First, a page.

1887

Foreign Direct Investment in Latin America and the Caribbean 2004

image of Foreign Direct Investment in Latin America and the Caribbean 2004

This publication sets out and analyses the main foreign direct investment (FDI) trends in the countries of Latin America and the Caribbean in 2004. For the first time since 1999, foreign direct investment (FDI) inflows into Latin America and the Caribbean grew in 2004. These inflows topped US$ 54 billion, far exceeding the US$ 37 billion registered in 2003 and representing a 46% increase. This is welcome news for the region, as it may portend the beginning of a new and sustained investment boom.

English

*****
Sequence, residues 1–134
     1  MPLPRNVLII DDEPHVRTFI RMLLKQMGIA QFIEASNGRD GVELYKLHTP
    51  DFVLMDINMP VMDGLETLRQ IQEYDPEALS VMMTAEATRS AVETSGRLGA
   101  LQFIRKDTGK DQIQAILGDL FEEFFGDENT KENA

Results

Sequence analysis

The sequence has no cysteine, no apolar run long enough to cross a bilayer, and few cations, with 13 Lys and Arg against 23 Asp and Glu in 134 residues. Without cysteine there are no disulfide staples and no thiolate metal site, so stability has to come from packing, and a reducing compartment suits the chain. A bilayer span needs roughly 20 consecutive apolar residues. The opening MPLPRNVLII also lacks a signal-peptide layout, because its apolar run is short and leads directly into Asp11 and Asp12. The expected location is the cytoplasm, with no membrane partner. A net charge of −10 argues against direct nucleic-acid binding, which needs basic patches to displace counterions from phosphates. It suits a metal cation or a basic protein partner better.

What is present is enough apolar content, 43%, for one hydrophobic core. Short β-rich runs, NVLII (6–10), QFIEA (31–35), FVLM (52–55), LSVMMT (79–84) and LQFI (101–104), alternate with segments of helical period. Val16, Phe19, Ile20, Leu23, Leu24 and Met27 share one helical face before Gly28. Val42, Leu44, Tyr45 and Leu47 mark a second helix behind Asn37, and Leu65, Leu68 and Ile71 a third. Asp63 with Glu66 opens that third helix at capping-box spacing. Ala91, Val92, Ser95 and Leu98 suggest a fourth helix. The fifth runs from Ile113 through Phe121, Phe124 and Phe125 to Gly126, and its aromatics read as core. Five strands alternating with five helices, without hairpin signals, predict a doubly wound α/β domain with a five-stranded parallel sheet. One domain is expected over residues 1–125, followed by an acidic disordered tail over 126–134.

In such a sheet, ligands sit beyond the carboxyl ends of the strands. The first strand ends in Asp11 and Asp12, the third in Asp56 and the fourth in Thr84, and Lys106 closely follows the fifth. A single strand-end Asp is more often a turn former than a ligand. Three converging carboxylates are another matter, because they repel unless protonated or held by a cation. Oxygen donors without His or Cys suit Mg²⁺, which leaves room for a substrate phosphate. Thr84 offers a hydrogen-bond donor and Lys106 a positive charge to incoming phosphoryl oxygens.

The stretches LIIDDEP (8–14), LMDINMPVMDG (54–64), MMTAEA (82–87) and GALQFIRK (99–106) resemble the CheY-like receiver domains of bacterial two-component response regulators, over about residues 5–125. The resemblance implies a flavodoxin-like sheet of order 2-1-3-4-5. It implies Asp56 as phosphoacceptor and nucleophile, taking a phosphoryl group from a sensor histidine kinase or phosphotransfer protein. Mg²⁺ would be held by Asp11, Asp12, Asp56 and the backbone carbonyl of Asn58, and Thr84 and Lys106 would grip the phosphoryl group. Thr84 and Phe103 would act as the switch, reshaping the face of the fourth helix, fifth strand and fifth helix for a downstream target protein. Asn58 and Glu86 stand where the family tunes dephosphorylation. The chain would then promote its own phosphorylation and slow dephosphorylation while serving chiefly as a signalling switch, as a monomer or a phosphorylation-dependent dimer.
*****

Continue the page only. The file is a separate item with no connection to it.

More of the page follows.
.

Abstract

For the first time since 1999, foreign direct investment (FDI) inflows into Latin America and the Caribbean grew in 2004. These inflows topped US$ 56 billion, far exceeding the US$ 39 billion registered in 2003 and representing a 44% increase. This is welcome news for the region, as it may portend the beginning of a new and sustained investment boom. However, it does not mean that the Latin American and Caribbean countries have solved their problems with regard to the limited benefits they receive from the presence of transnational corporations (TNCs) within their borders. In general, existing FDI inflows are not of the quality that is required. If the region’s countries are to increase the benefits they reap from the presence of TNCs, the national policies and institutions they have put in place to deal with international commitments regarding investment, establish incentives to attract FDI and evaluate the results of FDI policies will need to be improved.

English

This is a required field
Please enter a valid email address
Approval was a Success
Invalid data
An Error Occurred
Approval was partially successful, following selected items could not be processed due to error